But for now, I have to go find books to return – my library doesn’t have a limit, and I brought my 16-year old to the library today and he checked out a bundle, and with my own bundle, I now have over 50 books checked out. Eeeeek!
I found a marvelous book when working my way through the 900s section at the public library, cleaning it up (and I know as soon as I am done, if I were to start over again, it’d be a big mess again). The Riches of Oseola McCarty by Evelyn Coleman tells the story of a black washerwoman from Mississippi who lived a quiet, uneventful life, until she was 87 years old and donated $150,000 to the University of Southern Mississippi for scholarships for needy students. I remember hearing the story at the time and marvel at her generosity.
The thing is, it’s a great story for children in a number of ways. It’s not only her generosity (Ted Turner reported that he was so touched by it that it inspired him to give one billion dollars to the United Nations), but her frugality (she never took money out of the bank once she put it in), and her simple life. But most of all, it’s the lesson that it doesn’t matter what we do in life if we do our best at whatever we choose to do.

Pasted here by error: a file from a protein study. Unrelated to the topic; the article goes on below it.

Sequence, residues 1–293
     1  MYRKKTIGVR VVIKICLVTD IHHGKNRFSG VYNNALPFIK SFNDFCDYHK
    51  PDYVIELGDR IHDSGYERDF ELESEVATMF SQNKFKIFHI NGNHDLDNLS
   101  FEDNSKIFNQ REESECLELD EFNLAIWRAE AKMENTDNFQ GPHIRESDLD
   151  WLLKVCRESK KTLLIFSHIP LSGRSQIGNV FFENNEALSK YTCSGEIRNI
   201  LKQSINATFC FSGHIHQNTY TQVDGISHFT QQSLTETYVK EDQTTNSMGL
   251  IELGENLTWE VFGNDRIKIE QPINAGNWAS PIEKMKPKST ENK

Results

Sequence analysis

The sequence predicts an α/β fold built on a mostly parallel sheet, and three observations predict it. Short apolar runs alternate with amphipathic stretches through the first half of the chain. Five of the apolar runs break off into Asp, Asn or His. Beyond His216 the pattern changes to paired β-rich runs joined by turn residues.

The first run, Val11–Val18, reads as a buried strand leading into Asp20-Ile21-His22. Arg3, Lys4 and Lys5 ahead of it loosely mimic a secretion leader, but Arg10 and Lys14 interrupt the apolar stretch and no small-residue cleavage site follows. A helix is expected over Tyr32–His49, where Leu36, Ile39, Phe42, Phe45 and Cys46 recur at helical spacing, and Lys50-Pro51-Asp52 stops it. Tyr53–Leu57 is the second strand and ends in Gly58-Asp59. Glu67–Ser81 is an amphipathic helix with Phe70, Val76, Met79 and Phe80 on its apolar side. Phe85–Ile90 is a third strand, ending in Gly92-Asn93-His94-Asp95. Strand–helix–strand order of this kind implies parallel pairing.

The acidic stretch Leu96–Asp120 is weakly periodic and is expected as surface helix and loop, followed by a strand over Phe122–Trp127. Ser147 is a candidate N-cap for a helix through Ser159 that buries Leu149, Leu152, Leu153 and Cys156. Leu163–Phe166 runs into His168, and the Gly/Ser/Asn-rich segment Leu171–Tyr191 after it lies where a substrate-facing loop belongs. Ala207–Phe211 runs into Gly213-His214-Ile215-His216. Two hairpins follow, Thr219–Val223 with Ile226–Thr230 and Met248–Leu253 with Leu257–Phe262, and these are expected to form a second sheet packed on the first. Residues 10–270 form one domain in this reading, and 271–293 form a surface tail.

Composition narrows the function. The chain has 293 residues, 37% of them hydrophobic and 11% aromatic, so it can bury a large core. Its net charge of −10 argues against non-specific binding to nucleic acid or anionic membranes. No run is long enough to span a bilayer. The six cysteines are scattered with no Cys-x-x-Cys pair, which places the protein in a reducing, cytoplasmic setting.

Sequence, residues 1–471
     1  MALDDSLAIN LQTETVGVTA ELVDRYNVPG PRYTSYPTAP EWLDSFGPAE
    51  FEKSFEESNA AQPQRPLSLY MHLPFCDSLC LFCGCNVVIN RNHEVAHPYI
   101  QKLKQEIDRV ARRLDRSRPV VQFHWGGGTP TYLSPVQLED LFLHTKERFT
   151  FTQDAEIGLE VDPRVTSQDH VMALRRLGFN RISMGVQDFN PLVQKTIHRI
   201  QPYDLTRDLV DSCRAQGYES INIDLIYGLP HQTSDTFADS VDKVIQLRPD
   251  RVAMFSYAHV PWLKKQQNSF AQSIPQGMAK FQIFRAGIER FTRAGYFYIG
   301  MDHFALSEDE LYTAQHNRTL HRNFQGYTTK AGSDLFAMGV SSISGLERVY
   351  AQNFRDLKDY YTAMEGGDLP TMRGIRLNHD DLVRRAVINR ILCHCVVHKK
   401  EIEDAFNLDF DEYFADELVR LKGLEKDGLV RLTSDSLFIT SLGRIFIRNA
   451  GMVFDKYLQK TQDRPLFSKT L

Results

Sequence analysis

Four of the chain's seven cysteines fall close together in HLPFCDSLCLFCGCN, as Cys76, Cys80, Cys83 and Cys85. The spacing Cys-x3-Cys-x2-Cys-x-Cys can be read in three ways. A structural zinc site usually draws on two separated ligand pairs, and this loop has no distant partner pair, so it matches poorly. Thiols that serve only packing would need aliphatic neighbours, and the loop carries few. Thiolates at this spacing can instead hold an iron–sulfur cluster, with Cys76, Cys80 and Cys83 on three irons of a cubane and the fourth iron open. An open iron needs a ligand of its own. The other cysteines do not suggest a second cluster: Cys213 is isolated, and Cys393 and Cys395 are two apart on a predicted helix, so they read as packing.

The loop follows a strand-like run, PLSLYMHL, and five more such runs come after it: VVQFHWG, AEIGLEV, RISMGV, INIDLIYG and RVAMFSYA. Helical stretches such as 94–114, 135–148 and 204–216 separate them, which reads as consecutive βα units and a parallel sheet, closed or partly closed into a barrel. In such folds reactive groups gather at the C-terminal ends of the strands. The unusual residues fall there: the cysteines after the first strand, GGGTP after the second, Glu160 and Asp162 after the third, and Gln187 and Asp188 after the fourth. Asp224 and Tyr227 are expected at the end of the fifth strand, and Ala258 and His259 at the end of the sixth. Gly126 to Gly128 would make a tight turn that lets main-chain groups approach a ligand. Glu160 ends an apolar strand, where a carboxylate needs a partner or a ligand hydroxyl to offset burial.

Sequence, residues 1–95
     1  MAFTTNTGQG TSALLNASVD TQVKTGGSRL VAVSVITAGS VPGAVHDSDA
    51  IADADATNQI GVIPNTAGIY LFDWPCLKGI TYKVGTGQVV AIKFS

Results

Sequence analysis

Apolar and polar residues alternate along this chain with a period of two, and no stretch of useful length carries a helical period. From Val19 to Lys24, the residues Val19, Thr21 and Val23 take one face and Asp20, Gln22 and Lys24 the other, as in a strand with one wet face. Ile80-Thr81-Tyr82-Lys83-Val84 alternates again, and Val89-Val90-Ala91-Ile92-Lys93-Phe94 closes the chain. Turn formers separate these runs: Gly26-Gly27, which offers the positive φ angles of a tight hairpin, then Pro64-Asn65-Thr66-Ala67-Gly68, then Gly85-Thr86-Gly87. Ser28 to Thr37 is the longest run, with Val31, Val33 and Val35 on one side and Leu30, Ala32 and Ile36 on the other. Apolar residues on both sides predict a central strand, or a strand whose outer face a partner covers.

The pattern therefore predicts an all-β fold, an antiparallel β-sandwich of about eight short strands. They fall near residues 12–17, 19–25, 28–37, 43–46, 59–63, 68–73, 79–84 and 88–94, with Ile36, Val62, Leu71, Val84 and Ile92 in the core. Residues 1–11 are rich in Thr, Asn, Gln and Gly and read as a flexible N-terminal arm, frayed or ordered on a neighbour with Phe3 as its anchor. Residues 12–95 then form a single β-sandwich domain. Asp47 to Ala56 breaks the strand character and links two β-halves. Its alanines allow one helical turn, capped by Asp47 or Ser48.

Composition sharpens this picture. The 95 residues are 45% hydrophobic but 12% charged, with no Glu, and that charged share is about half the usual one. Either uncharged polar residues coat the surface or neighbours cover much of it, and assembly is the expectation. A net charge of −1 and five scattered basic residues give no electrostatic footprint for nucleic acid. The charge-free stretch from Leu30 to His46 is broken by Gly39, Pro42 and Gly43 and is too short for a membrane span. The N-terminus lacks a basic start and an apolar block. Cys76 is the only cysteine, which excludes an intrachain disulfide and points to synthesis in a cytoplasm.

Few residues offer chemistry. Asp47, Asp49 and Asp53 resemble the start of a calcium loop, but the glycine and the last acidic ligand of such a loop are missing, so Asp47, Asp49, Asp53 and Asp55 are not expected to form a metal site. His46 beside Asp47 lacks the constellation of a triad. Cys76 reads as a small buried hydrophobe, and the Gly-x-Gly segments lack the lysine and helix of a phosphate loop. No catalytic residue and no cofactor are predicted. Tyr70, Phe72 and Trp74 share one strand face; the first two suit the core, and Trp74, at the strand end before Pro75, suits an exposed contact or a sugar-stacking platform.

Miss McCarty died in 1999, and this book was published in 1998 so it doesn’t reflect that. It reminds me of the question in this video, “What is your sentence?” I think this would begin a great conversation with kids about biography.
Other books I’m reading right now: The Adventures of Pinocchio (from the NEH list), The Strange Case of Origami Yoda, and Sh*t My Dad Says.